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I want to create new exception type to catch it with specify logging. But I want to pass int value to ctor. How to do it? I try :

public class IncorrectTimeIdException : Exception
{
    public IncorrectTimeIdException(int TypeID) : base(message)
    {
    }
}

but I got an error during compilation.

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5  
'message' is not defined; so, instead of base(message) try base("Something wrong") –  mshsayem Feb 20 '12 at 12:57
4  
the exception message (no pun intended) should tell you exactly what's wrong in this case –  BrokenGlass Feb 20 '12 at 12:58
2  
See blog.gurock.com/articles/creating-custom-exceptions-in-dotnet for a how-to for new exception types –  ken2k Feb 20 '12 at 13:02

3 Answers 3

up vote 2 down vote accepted
public class IncorrectTimeIdException : Exception
{
    private void DemonstrateException()
    {
        // The Exception class has three constructors:
        var ex1 = new Exception();
        var ex2 = new Exception("Some string"); // <--
        var ex3 = new Exception("Some string and  InnerException", new Exception());

        // You're using the constructor with the string parameter, hence you must give it a string.
    }

    public IncorrectTimeIdException(int TypeID) : base("Something wrong")
    {
    }
}
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Quick question. When I construct my exception, do I call a method similar to DemonstrateException or it's done naturally? –  Kevin Avignon Mar 4 at 21:47

Here is some code you can use to create a custom exception class that carries some additional data (in your case the type ID) and also follows all the "rules" for creating a custom exception. You can rename the exception class and the rather non-descript custom data field to your liking.

using System;
using System.Runtime.Serialization;

[Serializable]
public class CustomException : Exception {

  readonly Int32 data;

  public CustomException() { }

  public CustomException(Int32 data) : base(FormatMessage(data)) {
    this.data = data;
  }

  public CustomException(String message) : base(message) { }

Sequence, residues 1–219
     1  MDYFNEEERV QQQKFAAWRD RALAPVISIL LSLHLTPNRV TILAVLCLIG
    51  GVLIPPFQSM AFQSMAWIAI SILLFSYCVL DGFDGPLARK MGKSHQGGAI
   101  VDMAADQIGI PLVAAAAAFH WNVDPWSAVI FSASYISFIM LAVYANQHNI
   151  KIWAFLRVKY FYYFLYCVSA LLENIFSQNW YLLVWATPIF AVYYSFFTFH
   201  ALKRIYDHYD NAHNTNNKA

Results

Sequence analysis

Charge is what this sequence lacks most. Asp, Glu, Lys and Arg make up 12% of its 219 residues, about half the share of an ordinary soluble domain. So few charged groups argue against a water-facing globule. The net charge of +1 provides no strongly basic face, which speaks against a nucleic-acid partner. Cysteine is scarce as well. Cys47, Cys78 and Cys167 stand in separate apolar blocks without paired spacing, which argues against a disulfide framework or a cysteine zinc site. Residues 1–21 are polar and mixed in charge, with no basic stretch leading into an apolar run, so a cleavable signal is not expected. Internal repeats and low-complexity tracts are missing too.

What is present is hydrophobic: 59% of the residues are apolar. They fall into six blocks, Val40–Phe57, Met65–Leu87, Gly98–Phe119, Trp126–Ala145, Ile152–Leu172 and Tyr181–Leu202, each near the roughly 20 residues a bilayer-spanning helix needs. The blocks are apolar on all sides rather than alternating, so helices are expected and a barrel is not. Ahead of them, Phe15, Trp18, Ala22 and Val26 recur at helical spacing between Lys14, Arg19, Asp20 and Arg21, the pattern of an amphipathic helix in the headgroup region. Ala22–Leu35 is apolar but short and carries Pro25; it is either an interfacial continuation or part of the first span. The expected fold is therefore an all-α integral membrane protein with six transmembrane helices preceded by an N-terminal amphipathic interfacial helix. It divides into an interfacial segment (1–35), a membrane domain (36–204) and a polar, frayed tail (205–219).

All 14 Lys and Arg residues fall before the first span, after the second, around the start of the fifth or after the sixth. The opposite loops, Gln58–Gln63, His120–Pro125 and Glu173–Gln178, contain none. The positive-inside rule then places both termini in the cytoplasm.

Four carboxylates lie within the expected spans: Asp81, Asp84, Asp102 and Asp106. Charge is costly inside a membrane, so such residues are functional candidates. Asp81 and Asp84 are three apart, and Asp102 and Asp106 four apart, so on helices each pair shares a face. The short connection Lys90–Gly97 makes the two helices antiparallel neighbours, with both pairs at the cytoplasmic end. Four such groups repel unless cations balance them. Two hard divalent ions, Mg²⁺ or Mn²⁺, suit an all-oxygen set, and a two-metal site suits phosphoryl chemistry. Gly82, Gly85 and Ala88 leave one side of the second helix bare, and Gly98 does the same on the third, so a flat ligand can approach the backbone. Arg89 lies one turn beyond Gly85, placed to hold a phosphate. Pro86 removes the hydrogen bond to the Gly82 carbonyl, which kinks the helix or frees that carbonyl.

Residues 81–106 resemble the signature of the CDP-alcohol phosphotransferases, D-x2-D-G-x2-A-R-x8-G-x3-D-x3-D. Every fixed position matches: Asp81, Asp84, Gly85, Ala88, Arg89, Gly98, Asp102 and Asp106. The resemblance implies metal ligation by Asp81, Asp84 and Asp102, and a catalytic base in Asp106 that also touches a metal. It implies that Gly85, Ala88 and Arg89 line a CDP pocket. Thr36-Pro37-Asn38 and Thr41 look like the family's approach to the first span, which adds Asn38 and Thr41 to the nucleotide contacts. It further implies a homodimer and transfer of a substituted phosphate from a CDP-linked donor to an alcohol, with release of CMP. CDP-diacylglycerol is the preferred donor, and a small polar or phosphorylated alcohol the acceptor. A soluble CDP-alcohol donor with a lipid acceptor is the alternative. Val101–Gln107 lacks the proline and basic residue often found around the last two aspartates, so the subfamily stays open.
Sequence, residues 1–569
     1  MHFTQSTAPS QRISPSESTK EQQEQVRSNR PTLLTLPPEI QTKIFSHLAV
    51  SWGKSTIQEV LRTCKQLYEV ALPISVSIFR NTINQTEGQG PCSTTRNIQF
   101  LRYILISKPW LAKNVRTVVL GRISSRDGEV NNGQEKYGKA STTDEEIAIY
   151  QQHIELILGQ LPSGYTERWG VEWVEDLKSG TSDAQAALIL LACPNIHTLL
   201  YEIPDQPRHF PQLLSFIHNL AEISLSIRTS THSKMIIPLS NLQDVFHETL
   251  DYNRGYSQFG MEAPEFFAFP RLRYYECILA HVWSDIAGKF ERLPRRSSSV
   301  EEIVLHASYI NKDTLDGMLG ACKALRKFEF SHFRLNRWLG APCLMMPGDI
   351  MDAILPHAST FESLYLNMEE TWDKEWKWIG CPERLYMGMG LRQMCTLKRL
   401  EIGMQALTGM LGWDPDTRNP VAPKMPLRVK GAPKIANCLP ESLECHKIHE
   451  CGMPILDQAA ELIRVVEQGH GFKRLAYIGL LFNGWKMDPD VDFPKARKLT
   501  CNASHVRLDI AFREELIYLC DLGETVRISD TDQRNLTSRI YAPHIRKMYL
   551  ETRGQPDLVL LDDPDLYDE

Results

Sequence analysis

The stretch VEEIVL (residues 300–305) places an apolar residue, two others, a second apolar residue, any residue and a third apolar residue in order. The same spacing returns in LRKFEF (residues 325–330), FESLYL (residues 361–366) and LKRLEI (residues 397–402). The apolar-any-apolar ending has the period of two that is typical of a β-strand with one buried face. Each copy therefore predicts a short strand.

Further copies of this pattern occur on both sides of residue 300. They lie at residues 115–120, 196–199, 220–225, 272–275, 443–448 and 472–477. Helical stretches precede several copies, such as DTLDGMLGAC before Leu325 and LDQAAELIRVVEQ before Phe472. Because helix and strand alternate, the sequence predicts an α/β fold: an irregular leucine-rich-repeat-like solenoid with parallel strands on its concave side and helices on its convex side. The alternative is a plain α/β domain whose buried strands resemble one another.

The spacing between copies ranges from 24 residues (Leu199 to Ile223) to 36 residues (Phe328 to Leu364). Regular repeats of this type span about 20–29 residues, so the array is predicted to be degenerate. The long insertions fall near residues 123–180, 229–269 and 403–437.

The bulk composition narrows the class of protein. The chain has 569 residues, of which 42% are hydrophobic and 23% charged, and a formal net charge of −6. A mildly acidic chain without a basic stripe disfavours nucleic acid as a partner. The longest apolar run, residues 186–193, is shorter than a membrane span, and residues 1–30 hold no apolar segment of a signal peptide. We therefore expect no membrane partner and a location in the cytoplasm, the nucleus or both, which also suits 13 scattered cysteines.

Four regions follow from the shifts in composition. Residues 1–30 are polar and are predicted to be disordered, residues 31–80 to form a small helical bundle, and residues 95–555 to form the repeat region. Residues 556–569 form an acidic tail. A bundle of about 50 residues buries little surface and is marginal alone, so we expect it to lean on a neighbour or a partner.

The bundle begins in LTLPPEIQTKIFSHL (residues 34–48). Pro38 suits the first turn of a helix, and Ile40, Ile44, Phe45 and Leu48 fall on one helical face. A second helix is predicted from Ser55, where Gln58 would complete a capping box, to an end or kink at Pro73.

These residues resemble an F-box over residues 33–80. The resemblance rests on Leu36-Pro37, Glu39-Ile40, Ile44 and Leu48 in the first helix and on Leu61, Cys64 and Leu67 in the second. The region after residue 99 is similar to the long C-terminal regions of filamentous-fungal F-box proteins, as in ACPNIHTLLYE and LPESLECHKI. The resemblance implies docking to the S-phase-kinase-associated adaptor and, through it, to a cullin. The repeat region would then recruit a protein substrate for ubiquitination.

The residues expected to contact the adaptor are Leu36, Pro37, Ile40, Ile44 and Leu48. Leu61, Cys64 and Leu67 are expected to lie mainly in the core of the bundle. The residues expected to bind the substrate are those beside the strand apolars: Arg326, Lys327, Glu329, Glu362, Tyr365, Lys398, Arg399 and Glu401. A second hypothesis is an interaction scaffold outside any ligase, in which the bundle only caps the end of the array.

public CustomException(Int32 data, Exception inner)
    : base(FormatMessage(data), inner) {
    this.data = data;
  }

  public CustomException(String message, Exception inner) : base(message, inner) { }

  protected CustomException(SerializationInfo info, StreamingContext context)
    : base(info, context) {
    if (info == null)
      throw new ArgumentNullException("info");
    this.data = info.GetInt32("data");
  }

  public override void GetObjectData(SerializationInfo info,
    StreamingContext context) {
    if (info == null)
      throw new ArgumentNullException("info");
    info.AddValue("data", this.data);
    base.GetObjectData(info, context);
  }

  public Int32 Data { get { return this.data; } }

  static String FormatMessage(Int32 data) {
    return String.Format("Custom exception with data {0}.", data);
  }

}
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The message tells you exactly what the problem is - message isn't defined.

Try this instead which allows you to supply a user message when you create the exception:

public IncorrectTimeIdException(string message, int TypeID) : base(message)
{
}

// Usage:
throw new IncorrectTimeIdException("The time ID is incorrect", id);

Or alternatively this, which creates an exception with no message:

public IncorrectTimeIdException(int TypeID)
{
}

Or finally this, which creates an exception with a pre-defined message:

public IncorrectTimeIdException(int TypeID) : base("The time ID is incorrect")
{
}

If you like you can also declare multiple constructors on your class, so you can provide a constructor that uses a pre-defined message at the same time as providing a constructor that allows you to override that message.

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